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I have file names that end in yyyymmdd, eg: myFile.20090601, myFile20090708 , etc

I want to grep for a pattern in all files from June 08 to July 07 of 2009, ie: 20090609 to 20090707

How can I do a regex in one go?

I tried:

grep 'myPattern' *20090(6(09|[1-3][0-9])|70[1-7])
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Why would you want to use a regular expression for this? –  Lars Haugseth Jul 8 '09 at 14:53
I want to grep for a pattern in those files. –  Saobi Jul 8 '09 at 14:55
+1 - not sure why this was downvoted - i wish people would leave comments when they downvote so we can use them to appreciate where they are coming from –  Faisal Vali Jul 8 '09 at 14:55
nregex.com/nregex/default.aspx is a great site to try out regex's –  Tim Hoolihan Jul 8 '09 at 14:56
I can understand downvoting, because he is NOT talking about regular expressions, but, rather, regular Unix pattern matching, which is not regex. The question should be rather "how do I list files according to a regular expression" or "how do I list these files with unix pattern matching". –  Daniel C. Sobral Jul 8 '09 at 20:41

4 Answers 4

up vote 4 down vote accepted



depending on whether you meant 8th or 9th of July (your question seems contradictory there).

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Actually, I meant how to I construct it so I can use it to grep for a a pattern in those files. As in I should be able to do: grep 'myPattern' *20090(6(09|[1-3][0-9])|70[1-7])$ But it returns an error when I do this. –  Saobi Jul 8 '09 at 14:56
ls -1 myFile.* | grep '20090(6(0[89]|[1-3][0-9])|70[1-7])$' | xargs grep <pattern> –  Lars Haugseth Jul 8 '09 at 15:11
Still does not work. –  Saobi Jul 8 '09 at 15:19
*20090(6(09|[1-3][0-9])|70[1-7])$ is not a regex, and it won't match what youe want. Also, the shell doesn't expand regexes... and a regex won't match a date range... –  Osama ALASSIRY Jul 8 '09 at 15:20
So what are my options? –  Saobi Jul 8 '09 at 15:21
grep 'myPattern' `ls | grep -E "20090(6(09|[1-3][0-9])|70[1-7])"`

This works roughly as follows. Take a list of files in the current directory (ls), filter that using the date regex (ls | grep ...), then perform a grep search using your pattern, on the list of files that is produced (grep 'myPattern' ...). The back-ticks surrounding the ls | grep ... executes that part of the command and substitutes in the output of that command into the surrounding command. So if it produced output like "file1 file2 file3", then it would result in a command like grep 'myPattern' file1 file2 file3.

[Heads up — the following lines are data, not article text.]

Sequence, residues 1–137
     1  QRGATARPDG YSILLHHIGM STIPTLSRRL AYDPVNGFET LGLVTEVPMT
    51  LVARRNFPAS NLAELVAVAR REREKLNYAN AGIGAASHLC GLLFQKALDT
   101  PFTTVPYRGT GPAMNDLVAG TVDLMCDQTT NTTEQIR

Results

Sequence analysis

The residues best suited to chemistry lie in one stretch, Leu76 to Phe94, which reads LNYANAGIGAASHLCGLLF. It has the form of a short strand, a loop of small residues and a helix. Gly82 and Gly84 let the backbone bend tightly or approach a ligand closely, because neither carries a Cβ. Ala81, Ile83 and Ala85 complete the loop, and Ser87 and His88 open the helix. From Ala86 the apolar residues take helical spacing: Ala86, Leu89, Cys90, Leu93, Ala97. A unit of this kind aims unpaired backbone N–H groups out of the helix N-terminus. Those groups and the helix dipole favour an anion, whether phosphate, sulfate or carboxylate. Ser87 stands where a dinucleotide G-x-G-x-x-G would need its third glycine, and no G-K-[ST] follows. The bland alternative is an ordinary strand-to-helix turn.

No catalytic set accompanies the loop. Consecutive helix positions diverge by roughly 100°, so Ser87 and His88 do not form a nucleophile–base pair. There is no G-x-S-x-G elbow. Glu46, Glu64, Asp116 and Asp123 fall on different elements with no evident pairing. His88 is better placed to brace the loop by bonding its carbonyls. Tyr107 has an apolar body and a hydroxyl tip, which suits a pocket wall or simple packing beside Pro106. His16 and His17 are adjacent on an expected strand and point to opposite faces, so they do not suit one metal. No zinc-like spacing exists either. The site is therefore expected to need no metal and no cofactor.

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You should change " into ', otherwise, depending on the shell, the wildcard might get expanded. –  Daniel C. Sobral Jul 8 '09 at 20:44
I think that there should be no asterisk at the beginning of the grep -E parameter. –  Svante Jul 8 '09 at 20:46

I'd suggest a perl/python script (or any other scripting language) that takes 3 parameters:

  1. The pattern
  2. Start date as yyyymmdd
  3. End date as yyyymmdd

It would :

  1. decode start and end date.
  2. loop through the files in a folder
  3. decode any dates in the filename
  4. check if it's between the dates, and grep the pattern
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The range of valid dates is 06–30 for June and 01—07 for July. Because the ranges of days are dissimilar, we should use separate regexes for each month. These are

/2009 06 (09 | [12][0-9] | 30)/x

(Notice how the day ranges are divided into cases depending on the tens place, because there are different conditions on what is valid for the units place depending.)


/2009 07 0[1-7]/x

and then we can join them into

/(2009 06 (09 | [12][0-9] | 30)) | (2009 07 0[1-7])/x

and then factor out the common points (may not be the best for readabilty) and add the end-of-line assertion:

/2009 0 (6 (09 | [12][0-9] | 30)) | (7 0[1-7]) $/x
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And you need to manually do this for every date range... –  Osama ALASSIRY Jul 8 '09 at 15:25

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